June 2, 2011
Craig Silvey’s new novel (his second) is categorized as a book for young readers by Alfred A. Knopf, which published the book in April. And yet it’s standing with adult literary heavyweights as a contender for the IMPAC Dublin Literary Award. That struck me as unusual, but then I realized the teen classification is from the U.S. publisher. I checked Allen & Unwin, the Australian company that first published the book in 2009, and Jasper Jones is listed there as literary fiction. Either way it falls, I had to find out what this book is about, and why so much attention is on it – Jasper Jones has won scads of awards in Silvey’s native Australia, including the Australian Indie Book of the Year Award 2009.
The novel is set in a small Australian town in the 1960s. It opens with the feral 14-year-old Jasper Jones seeking the help of 13-year-old narrator Charlie Bucktin in covering up a murder until he can find who’s responsible for it. Jasper can’t go to the police because he’s a social outcast whom everyone blames for whatever goes wrong in town. Also, Laura Wishart, the girl who was murdered, is hanging from a tree in his secret hideout. She was Jasper’s best friend.
While the story begins with a murder, it doesn’t predictably dissolve into a “whodunit.” Silvey brings other plots to the forefront: Charlie’s BFF relationship with Jeffrey Lu, a talented cricket player shunned by the town’s team because he’s Vietnamese and Australian soldiers are dying in the Vietnam war; his confrontational relationship with his mother; and his complicated love relationship with Eliza Wishart, Laura’s sister.
One of the most entertaining elements of this vivid story are the conversations between the bookish Charlie and the amusing Jeffrey about who’s the better superhero, Batman or Superman, and how stripes get into toothpaste and why men have nipples. It’s like overhearing kids on a school bus. Maybe this is kid talk written for a teen perspective, but it’s also masterful character creation that makes Charlie and Jeffrey fully real to an adult.
Racism and social ostracism are powerful themes, but the concept of fear as a misguided source for belief and action is the most affecting one. Indeed, it’s at the root of all that goes wrong. At one point, Jasper says to Charlie: “See, everyone here’s afraid of something and nuthin. This town, that’s how they live, and they don’t even know it. They stick to what they know, what they bin told. They don’t unnerstand that it’s just a choice you make.”
Silvey packs a lot in to this enjoyable, intriguing and briskly paced novel, and he does it so well it’s as if we’re living and breathing the air of this small mining town. Teen lit? I’d say a definite yes, but it’s on the mature level of the Hunger Games, which I’m guessing will fill theaters with its adult readers when the movie’s released 2012. IMPAC winner? Definitely a worthy contender, and we’ll find out June 15.
May 10, 2011
This is the second appearance of Michael Crummey’s novel Galore on TLS, which I spotlighted several months ago as a forthcoming book to keep an eye on. After being absorbed in it this past week, I can tell you it’s one of those novels that engulfs readers in atmospheric writing and unique characters that provide delightful escape into another world. That world is from the late 18th through the early 20th centuries, although in the first half of the book the timeframe is vague. It takes place on the unmerciful shores of Newfoundland in a fictional fishing outport called Paradise Deep. The story opens biblically with an albino man pulled from the belly of a beached whale, and he survives. Inhabitants of Paradise Deep refer to this mute stranger afflicted with a permanent stink as the Great White or Judah.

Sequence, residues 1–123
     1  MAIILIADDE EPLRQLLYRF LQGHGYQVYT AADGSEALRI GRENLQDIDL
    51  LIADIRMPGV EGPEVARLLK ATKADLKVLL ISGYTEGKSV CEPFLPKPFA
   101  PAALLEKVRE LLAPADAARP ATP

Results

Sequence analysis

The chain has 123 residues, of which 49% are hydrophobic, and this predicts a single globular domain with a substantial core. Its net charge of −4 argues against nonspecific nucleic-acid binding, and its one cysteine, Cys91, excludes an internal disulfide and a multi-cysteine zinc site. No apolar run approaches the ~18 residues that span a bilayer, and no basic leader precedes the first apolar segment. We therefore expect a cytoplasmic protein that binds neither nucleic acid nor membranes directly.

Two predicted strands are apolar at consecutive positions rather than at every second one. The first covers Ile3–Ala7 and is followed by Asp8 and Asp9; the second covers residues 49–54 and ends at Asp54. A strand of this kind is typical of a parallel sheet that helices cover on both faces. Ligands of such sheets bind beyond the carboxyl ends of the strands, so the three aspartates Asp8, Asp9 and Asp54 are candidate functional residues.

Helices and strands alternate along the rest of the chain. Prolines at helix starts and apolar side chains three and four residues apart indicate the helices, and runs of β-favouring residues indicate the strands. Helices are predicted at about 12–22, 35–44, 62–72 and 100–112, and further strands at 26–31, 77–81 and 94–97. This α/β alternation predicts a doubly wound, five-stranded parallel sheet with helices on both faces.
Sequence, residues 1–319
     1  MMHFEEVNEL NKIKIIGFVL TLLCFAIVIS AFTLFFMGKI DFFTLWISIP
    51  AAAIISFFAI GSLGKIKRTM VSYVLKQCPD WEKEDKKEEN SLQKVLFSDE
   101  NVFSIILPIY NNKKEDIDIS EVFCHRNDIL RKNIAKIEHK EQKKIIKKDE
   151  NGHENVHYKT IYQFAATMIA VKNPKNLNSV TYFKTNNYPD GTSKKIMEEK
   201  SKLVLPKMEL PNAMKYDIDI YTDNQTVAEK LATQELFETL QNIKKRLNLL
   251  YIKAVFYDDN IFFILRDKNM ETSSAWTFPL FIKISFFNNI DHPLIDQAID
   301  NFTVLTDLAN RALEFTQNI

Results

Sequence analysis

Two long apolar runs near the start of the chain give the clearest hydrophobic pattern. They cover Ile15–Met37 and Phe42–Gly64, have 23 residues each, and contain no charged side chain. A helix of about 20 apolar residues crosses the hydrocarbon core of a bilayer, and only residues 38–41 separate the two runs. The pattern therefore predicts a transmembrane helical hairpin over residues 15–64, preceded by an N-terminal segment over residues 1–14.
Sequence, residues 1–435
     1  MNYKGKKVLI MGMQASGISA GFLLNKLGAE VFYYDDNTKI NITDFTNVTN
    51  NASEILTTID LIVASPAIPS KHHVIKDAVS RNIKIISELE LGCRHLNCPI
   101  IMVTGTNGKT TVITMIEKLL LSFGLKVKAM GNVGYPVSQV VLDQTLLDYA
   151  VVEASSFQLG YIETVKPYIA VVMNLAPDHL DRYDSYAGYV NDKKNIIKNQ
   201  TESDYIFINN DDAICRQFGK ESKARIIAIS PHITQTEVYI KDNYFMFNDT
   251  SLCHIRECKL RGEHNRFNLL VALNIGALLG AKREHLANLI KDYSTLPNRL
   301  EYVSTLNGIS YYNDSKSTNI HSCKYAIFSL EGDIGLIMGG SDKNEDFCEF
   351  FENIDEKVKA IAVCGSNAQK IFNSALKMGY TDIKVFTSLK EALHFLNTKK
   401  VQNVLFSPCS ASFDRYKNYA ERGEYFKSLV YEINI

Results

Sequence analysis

Judah is ever-present in the 300+ pages of Galore, but no one character in this extraordinary novel gets predominant focus, rather it’s a story about the handful of people in this place descended from rivals Devine’s Widow and King-Me Sellers. Their unlikely marriages and love affairs, their adventures on the water, and their varying religious faiths cleverly stir the plot. This is no typical generational saga, however, because of the folkloric sorcery Crummey deftly weaves into their fishing lives. It lends a magical, seductive quality to the story, and I responded to it as if unaware that it was anything unusual – such as the ghost of a dead man living with his wife, or the thick foliage of an apple tree providing baptismal protection from disease to the children, or a teacup curing a rash of warts. One difficulty: Keeping the characters straight in the second half of the book is a challenge, but Crummey provides a family tree, which I frequently referred to.
The short and long of IMPAC
Galore has been shortlisted for the International IMPAC Dublin Literary Award, the largest and most international prize of its kind. Nominees come from public libraries in countries around the world. According to the award’s website, 10 novels have been shortlisted for the award, from a total of 162 novels nominated by 166 public library systems in 126 cities worldwide. The International IMPAC Dublin Literary Award is worth €100,000.
Along with Galore, books on the shortlist for the IMPAC prize include the following. The winner will be announced June 15.
- The Lacuna by Barbara Kingsolver
- The Vagrants by Yiyun Li
- Ransom by David Malouf
- Let the Great World Spin by Colum McCann
- Little Bird of Heaven by Joyce Carol Oates
- Jasper Jones by Craig Silvey
- Brooklyn by Colm Toibín
- Love and Summer by William Trevor
- After the Fire, a Still, Small Voice by Evie Wyl